Wednesday, March 16, 2005

Delta Deficit Equals Zero

One of Bush's greatest achievements has been his ability to be all things to all people, especially with respect to fiscal policy. Somewhere along the line he realized (or, more accurately, Karl Rove realized) that fiscal conservatism presented certain electoral challenges that were difficult to resolve. True, everyone likes tax cuts, but benefit cuts are a more difficult sell -- especially when you are talking to the beneficiary. When it comes right down to it, most of us like the services provided to us by government and when someone starts talking about eliminating them, we start to get antsy.

So what's a fiscal conservative to do? After all, since the name of the game is reducing the size of government, tax cuts are only half the battle. Moreover, it would be outrageously irresponsible to reduce revenues without reducing expenditures. I mean, that's madness.

But, of course, great thinkers are never limited by such pedantic restraints, and Karl Rove (let's be honest about who we're talking about here) is no exception. His master stroke was realizing that maintaining power was more important than sound fiscal policy. Why not lower taxes AND increase benefits? That way everyone's happy (except for a few economists pulling out their hair on the sidelines -- but really, how large a constituency is that?). It may create crippling deficits, but those effects will be faced long after this administration has retired to Crawford. Moreover, those deficits might finally create enough political will to truly eviscerate the welfare state. Thus, the benefits of this strategy pay dividends both in short-term electoral victories and long-term ideological goals. Talk about win-win…

Clearly, defending against this tax-cut/spend strategy is quite difficult for responsible Democrats. This is especially true when you consider how willing people are to swallow something-for-nothing rhetoric when it is presented by someone with such down-home charisma. How do you get people to recognize the looming disaster with the assurances of Mr. Sunshine in the air? And if they can't see it coming, how do we avoid it?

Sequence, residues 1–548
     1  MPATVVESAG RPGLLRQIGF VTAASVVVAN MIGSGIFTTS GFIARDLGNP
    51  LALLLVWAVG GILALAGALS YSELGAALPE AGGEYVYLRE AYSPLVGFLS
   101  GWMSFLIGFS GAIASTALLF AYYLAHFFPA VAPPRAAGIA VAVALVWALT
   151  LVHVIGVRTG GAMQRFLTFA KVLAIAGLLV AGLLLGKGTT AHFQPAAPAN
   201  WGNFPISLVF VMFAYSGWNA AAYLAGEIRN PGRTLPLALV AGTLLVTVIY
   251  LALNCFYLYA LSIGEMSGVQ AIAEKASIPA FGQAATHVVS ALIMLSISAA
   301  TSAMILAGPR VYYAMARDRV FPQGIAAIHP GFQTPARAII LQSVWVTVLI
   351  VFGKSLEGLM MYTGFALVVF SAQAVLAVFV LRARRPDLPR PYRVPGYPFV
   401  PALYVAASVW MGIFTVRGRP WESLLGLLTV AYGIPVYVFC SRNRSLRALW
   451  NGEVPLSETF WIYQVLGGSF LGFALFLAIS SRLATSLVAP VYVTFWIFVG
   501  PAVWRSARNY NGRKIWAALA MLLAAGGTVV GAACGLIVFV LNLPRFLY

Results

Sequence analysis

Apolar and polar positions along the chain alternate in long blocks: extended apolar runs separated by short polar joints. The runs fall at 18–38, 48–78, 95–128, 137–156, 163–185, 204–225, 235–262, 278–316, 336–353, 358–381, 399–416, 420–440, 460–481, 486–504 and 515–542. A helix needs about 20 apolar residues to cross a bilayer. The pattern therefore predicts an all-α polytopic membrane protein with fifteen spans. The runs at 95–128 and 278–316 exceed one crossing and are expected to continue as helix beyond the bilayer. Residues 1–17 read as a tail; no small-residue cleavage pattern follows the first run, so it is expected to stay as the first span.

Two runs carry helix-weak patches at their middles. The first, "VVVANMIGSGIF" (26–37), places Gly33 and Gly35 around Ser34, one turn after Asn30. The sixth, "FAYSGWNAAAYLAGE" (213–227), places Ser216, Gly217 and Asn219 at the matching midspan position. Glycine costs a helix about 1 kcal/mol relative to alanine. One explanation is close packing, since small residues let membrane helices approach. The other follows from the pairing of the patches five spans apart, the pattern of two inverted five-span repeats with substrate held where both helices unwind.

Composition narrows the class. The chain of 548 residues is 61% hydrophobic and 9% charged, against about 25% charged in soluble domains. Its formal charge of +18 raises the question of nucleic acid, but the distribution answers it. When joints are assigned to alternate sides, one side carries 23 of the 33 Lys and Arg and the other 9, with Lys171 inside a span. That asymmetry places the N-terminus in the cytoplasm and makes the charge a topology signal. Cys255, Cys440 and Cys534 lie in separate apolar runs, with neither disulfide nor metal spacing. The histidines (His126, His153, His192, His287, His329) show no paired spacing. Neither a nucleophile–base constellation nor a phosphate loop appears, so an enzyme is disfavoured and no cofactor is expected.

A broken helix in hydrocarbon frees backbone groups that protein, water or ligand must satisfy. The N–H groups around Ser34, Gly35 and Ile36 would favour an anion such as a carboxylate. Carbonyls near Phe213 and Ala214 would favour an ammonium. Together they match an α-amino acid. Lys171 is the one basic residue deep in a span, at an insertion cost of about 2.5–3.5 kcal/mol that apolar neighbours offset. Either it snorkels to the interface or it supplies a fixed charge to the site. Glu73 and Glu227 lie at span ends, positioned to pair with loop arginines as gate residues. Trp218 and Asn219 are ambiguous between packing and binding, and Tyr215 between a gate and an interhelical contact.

As it turns out, there may be an answer. Mark Schmitt over at The Decemberist has a post up about PAYGO that seems to have promise. The basic idea is that you require budgetary changes to have a net zero effect on the deficit. Want to increase benefits/expenditures? Fine, but they have to be offset with tax increases rather than borrowing. Want tax cuts? Same deal. Cut expenditures. No borrowing.

Politically, this is a great issue for Democrats to take on. Since matching income and expenditures is something that everyone deals with in their own lives, it's easy to understand. Frankly, most people never quite get how the government avoids facing this reality when the rest of us have to. Plus, it forces Republicans to put up or shut up about fiscal responsibility. If they reject it, it becomes a potential campaign issue in 2006.

On the other hand, if it passes, the administration is finally forced to pick a side. Are they big spenders or big tax cutters? No longer can they be both. And if they remain ideologically pure with respect to tax cuts, people will finally understand what is being asked of them? Mark boils all this down quite succinctly.
A few weeks ago, in writing about Goldwater, I noted that the genius of Rove and his followers was that they had figured out how to separate the ideological conservatism that Americans liked from the operational conservatism -- the real cuts in government -- that Americans did not. PAYGO rules are a way of forcing those two back together. If Republicans are serious about cutting taxes and making government smaller, they must be willing to come forward simultaneously with the cuts they are willing to make and bear the consequences. Or, if they do not want to make cuts but still want to cut taxes for the top 0.2% of the population, they must be willing to say whose taxes they are willing to raise to pay for those cuts.
Passing PAYGO could go a long way to bring honesty back to federal fiscal policy. No longer could Bush use absurd accounting techniques to conceal the outrageous damage being done to our economic future. No longer could he be all things to all people. Most importantly, people might begin to understand what they're really voting for. If people really don't want government services, I can live with that. But right now the electorate is pulling levers in fantasyland. And once that starts happening, is it even a democracy anymore?

Anyway -- I'm just getting into this, so I don't know how viable it really is. But initially, it looks good. I, for one, will be keeping an eye on it. You should, too.
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